Carol Swain (PhD)is an award-winning political scientist andformer tenured professor at Princeton and Vanderbilt Universities. She is the author or editor of 10 books, including Be the People: A Call to Reclaim America’s Faith and Promise and The New White Nationalism in America: Its Challenge to Integration.
Christopher Schorrholds a PhDin American Government from Georgetown University. His dissertation (“White Nationalism and its Challenge to the American Right”) considers factors that risk mainstreaming white nationalist politics in the United States, including Critical Race Theory.
On July 12, 2021, the Superintendent of South Carolina’s Kershaw County School District presented and answered questions during a Kershaw County Republican Party (KCGOP) meeting. Several community members and parents of Kershaw County schools attended the meeting to ask questions of Dr. Shane Robbins. During his presentation, Dr. Robbins said Critical Race Theory is not being taught in Kershaw County schools but talked about Culturally Responsive Teaching, which is being implemented. When USPIE President Sheri Few, who lives in Kershaw County, told him that Culturally Responsive Teaching is the same as Critical Race Theory, later in the Q&A session, he said it was not. Mrs. Few then went back to the microphone and asked him to prove they were not the same and he agreed to send her the teacher training materials for Culturally Responsive Teaching.
Another interesting fact arose from Dr. Robbins’ presentation to the KCGOP. He touted a 30-year-old South Carolina law as the rationale for a new high school course titled African American Studies. He talked about a District African American Studies Committee that worked with a consultant from the University of South Carolina. The committee was directed to develop a course and provide staffing for a high school African American Studies course to be offered in 2021-22. For Elementary and Middle schools, they were directed to embed culturally relevant resources in all subjects, add additional resources to curriculum guides and provide examples for teachers. A description of the high school African American Studies course found on the District’s website says, “Throughout U.S. History, African-Americans have faced great adversity in the form of enslavement and institutional racism. They fought for their freedom and worked to right a broken system, but their struggles continue today.”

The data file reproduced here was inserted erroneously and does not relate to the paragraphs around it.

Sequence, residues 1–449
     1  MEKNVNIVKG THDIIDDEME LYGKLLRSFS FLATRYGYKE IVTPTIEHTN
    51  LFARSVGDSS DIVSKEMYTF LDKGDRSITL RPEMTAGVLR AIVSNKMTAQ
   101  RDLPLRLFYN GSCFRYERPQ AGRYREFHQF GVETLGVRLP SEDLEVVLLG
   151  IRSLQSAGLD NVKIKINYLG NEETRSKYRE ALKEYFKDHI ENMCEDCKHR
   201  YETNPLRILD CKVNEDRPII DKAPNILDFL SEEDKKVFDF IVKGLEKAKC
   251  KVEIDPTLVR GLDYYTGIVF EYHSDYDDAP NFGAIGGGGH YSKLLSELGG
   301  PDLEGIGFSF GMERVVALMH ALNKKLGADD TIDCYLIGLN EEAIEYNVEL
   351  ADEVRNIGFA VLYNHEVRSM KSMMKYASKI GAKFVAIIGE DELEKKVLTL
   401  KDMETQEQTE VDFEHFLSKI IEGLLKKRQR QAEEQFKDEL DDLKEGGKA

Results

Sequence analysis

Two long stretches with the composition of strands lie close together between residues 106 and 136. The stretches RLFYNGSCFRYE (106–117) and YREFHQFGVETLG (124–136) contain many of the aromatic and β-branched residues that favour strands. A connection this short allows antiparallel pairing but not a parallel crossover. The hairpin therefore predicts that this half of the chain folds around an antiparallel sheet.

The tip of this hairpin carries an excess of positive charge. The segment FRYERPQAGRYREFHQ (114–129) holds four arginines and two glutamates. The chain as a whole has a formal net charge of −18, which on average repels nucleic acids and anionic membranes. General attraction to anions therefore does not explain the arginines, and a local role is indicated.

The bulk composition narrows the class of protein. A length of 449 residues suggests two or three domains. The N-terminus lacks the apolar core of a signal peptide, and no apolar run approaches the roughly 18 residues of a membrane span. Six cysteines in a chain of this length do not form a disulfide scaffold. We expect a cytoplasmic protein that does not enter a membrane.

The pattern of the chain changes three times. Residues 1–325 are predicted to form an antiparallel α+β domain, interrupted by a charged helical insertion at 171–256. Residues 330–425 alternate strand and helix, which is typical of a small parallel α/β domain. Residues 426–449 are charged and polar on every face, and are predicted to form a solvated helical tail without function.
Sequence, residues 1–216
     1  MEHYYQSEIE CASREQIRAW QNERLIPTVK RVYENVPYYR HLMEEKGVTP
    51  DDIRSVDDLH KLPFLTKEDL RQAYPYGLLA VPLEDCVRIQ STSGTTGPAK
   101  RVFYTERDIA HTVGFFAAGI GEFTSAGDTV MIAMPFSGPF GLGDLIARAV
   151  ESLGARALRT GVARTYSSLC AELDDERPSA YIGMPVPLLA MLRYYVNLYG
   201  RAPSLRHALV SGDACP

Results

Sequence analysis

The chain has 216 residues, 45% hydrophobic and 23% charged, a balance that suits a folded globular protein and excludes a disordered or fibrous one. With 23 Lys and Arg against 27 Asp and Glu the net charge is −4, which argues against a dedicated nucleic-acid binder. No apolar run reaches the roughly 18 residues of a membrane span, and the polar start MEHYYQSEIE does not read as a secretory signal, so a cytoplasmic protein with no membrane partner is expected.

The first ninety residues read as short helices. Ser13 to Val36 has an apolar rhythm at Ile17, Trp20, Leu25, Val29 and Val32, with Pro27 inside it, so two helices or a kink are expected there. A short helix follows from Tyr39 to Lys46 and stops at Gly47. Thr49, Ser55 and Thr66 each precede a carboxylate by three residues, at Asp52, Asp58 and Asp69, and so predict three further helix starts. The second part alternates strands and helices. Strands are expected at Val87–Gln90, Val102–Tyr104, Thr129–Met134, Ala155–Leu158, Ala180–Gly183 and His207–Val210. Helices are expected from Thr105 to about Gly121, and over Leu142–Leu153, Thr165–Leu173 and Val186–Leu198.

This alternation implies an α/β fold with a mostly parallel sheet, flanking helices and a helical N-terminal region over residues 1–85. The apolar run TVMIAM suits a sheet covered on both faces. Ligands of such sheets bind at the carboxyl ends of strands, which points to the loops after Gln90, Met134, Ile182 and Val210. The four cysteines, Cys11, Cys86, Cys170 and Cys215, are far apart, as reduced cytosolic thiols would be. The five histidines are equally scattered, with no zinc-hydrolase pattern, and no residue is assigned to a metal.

On July 27, 2021, the Kershaw County School Board held a Special Called Meeting to discuss the federal ESSER III funds. Mrs. Few spoke during the public comment period and told the Board that Critical Race Theory is not a curriculum or a book you can identify in a K-12 school. She explained it is a pedagogy predicated upon equity, and equity is very different from equality. Equity, she said, otherwise known as “Culturally Responsive Teaching,” and “Diversity and Inclusion” is being implemented through teacher training. She said equity is about equal outcomes, which is impossible and will eventually lead to discrimination. She further explained to the Board that parents had requested to see the federal ESSER III full application because the application requires the District to certify it will advance equity and inclusivity, but parents were denied access to the plan. During the Board meeting, two Board members made pontificating comments about being opposed to Critical Race Theory and even suggested Dr. Robbins was “playing with fire” and utilizing semantics, and yet the Board voted unanimously in favor of budget categories for ESSER III without knowing HOW the district will advance equity and inclusion. It could be that the African American Studies Committee work is the plan for the District to advance equity and inclusion in order to qualify for $24 million in federal funds. Mrs. Few proposed the Board refuse the federal ESSER III funding, which mandates advancing the equity agenda. She said we need pedagogy that reflects local community values and we will never have that if we don’t stop taking federal funds with strings attached.